Associate Research Scientist

Associate Research Scientist

Postdoctoral Scientists

Postdoctoral Scientists

Andreja Jovic

Postdoctoral Research Fellow

Postdoctoral Research Fellow

Postdoctoral Scientists

Smita Krishnaswamy

Postdoctoral Research Scientist

Postdoctoral Research Scientist

Postdoctoral Scientists

Manu Setty

Postdoctoral Research Scientist

Postdoctoral Research Scientist

Postdoctoral Scientists

Zhenmao Wan

Postdoctoral Research Scientist

Postdoctoral Research Scientist

Graduate Students

Graduate Students

Ambrose Carr

Graduate Student

Graduate Student

Graduate Students

Jacob Levine

Graduate Student

Graduate Student

Undergraduate Students

Undergraduate Students

Jiyoung Kim

Undergraduate Student

Undergraduate Student

Former Lab Members

Former Lab Members

Uri-David Akavia

Assistant Professor, Department of Biochemistry, McGill University

Assistant Professor, Department of Biochemistry, McGill University

Former Lab Members

El-Ad David Amir

Data Scientist, Custora

Data Scientist, Custora

Former Lab Members

Bo-Juen Chen

Bioinformatics Scientist, New York Genome Center

Bioinformatics Scientist, New York Genome Center

Former Lab Members

Jaline Geradin

Graduate Student, University of California, San Francisco

Graduate Student, University of California, San Francisco

Former Lab Members

Dylan Kotliar

MD/PhD Student, Harvard University

MD/PhD Student, Harvard University

Former Lab Members

Oren Litvin

Software Engineer, Google

Software Engineer, Google

Former Lab Members

Marta Luksza

Fellow, Institute for Advanced Study

Fellow, Institute for Advanced Study

Former Lab Members

Eual Moses

Programmer, National Cancer Institute

Programmer, National Cancer Institute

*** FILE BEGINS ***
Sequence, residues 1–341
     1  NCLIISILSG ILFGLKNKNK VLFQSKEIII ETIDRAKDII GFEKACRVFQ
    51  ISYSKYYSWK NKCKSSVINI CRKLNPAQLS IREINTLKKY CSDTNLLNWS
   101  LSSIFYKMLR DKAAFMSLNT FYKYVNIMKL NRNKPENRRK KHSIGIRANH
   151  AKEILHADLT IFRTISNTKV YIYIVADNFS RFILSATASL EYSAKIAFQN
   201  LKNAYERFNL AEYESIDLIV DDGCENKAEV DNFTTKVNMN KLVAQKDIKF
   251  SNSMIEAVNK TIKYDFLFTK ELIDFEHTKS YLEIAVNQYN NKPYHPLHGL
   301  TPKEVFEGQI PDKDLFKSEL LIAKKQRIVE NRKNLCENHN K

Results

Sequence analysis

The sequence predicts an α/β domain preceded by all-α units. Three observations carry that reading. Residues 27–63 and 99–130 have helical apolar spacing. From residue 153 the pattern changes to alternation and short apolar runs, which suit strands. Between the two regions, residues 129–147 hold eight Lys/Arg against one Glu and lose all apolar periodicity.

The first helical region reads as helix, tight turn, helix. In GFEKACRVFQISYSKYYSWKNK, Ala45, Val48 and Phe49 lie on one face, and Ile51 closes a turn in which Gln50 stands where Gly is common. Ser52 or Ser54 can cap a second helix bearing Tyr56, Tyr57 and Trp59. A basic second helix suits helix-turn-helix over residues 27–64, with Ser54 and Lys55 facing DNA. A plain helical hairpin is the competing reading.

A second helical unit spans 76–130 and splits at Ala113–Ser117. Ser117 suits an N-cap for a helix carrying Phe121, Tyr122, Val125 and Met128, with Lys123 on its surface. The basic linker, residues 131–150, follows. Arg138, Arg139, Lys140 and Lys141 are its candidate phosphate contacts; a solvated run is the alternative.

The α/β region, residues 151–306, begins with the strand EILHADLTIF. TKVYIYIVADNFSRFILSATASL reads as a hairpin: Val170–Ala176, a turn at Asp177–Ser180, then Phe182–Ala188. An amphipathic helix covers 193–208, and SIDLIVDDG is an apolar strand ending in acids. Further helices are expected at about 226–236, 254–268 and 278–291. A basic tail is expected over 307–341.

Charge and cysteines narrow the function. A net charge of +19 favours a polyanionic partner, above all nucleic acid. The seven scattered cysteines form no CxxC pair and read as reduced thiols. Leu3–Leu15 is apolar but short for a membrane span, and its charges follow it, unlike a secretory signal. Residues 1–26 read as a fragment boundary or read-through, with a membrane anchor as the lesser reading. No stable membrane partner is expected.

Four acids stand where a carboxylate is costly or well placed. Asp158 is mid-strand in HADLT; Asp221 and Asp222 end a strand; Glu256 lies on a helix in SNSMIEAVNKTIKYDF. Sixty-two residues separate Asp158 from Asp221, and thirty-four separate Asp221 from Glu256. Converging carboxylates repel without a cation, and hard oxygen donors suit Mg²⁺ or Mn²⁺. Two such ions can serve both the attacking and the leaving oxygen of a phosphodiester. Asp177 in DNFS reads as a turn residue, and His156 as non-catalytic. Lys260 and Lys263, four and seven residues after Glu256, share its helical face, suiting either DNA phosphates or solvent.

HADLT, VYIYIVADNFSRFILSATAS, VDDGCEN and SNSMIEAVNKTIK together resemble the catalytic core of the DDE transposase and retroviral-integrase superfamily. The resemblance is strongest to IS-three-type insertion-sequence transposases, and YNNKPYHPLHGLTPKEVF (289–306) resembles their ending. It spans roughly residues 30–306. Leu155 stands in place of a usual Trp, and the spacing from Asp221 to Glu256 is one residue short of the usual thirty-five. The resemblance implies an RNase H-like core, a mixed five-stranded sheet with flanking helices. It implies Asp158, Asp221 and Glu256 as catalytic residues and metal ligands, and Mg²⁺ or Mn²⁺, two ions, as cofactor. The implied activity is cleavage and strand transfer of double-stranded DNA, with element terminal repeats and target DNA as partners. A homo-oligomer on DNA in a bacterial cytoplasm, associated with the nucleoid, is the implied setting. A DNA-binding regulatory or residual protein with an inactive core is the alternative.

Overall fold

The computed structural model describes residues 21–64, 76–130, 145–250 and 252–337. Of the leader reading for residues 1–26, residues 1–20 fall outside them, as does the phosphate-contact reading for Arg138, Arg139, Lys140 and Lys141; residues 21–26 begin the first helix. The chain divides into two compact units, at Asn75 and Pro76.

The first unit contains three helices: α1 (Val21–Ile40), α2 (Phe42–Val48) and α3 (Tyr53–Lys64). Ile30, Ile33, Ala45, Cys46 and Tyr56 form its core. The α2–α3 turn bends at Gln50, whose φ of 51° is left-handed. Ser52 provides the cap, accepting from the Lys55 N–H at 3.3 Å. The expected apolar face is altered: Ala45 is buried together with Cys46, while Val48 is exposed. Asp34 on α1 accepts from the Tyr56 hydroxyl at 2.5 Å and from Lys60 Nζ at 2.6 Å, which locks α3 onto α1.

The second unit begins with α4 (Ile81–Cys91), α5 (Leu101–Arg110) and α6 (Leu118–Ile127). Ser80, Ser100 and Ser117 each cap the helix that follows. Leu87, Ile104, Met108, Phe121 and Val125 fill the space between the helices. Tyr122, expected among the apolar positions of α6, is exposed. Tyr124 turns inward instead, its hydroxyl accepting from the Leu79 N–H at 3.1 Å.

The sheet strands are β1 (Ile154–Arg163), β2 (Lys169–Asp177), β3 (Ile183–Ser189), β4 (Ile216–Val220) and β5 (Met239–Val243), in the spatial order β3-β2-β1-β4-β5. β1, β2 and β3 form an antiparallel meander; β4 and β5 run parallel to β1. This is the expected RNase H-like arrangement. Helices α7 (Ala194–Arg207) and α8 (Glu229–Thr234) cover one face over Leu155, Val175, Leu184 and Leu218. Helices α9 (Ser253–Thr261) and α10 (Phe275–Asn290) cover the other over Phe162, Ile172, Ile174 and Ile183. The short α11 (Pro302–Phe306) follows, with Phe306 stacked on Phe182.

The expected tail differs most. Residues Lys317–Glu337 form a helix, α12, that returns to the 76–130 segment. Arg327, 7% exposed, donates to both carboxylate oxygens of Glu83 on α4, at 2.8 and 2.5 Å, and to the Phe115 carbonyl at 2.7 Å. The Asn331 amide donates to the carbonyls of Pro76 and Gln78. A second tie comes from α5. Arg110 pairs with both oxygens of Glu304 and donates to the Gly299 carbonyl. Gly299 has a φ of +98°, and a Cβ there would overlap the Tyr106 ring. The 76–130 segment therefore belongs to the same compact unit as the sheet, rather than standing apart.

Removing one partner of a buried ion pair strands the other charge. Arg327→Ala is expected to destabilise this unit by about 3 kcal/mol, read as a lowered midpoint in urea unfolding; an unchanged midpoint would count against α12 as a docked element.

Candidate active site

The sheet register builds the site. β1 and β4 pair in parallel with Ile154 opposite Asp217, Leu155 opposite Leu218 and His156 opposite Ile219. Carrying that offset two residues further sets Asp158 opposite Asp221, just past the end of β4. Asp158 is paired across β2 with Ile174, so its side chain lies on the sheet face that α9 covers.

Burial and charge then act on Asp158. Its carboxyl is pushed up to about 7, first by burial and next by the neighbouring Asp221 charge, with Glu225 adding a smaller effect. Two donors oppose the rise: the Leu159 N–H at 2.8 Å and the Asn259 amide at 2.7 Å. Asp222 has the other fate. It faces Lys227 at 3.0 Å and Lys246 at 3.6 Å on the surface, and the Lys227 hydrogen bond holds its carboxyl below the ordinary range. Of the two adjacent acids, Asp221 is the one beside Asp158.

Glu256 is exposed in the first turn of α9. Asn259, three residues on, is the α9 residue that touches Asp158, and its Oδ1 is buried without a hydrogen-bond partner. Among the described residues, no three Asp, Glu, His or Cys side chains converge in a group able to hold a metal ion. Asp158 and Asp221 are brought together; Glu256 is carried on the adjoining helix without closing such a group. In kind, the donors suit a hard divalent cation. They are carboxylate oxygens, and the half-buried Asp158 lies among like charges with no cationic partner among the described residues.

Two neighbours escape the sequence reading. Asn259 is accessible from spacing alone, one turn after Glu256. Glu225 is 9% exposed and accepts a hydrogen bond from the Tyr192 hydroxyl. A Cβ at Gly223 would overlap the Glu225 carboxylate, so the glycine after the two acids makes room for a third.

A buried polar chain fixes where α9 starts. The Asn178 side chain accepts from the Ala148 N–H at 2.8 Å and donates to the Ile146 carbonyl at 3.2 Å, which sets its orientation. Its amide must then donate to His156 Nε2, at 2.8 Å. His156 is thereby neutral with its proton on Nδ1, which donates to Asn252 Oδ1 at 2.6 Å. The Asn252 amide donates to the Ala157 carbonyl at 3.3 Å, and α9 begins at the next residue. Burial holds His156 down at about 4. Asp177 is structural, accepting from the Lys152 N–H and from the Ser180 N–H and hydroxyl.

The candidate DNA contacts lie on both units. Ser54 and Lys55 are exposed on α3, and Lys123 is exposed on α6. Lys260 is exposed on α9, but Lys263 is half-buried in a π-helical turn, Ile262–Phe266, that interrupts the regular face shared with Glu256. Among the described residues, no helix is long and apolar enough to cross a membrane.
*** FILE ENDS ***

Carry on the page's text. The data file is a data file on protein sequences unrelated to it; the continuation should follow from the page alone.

Former Lab Members

Mark Rocco

MD Student, Tulane University

MD Student, Tulane University

Former Lab Members

Tanya Schild

PhD Student, Weill-Cornell Medical Center

PhD Student, Weill-Cornell Medical Center

Former Lab Members

Anna Starikov

Medical Student, Cornell University

Medical Student, Cornell University

Former Lab Members

Yossi Tzur

Medical Student, Tel Aviv University

Medical Student, Tel Aviv University

Former Lab Members

Dani Valevski

Medical Student, Tel Aviv University

Medical Student, Tel Aviv University


Career Opportunities

We are currently have openings for:

  • Postdoctoral fellows
  • Graduate students (Columbia students only)
  • Undergraduate students
  • Staff programmer

Exceptional candidates are welcome to contact Dana Pe'er for more information about our research projects. In order to join the lab as a PhD student, you must first gain admittance to one of the graduate programs at Columbia University. Please e-mail a brief description of your research interests, background and CV to  Dana Pe'er .

Postdoctoral positions

Computational Biology and Machine Learning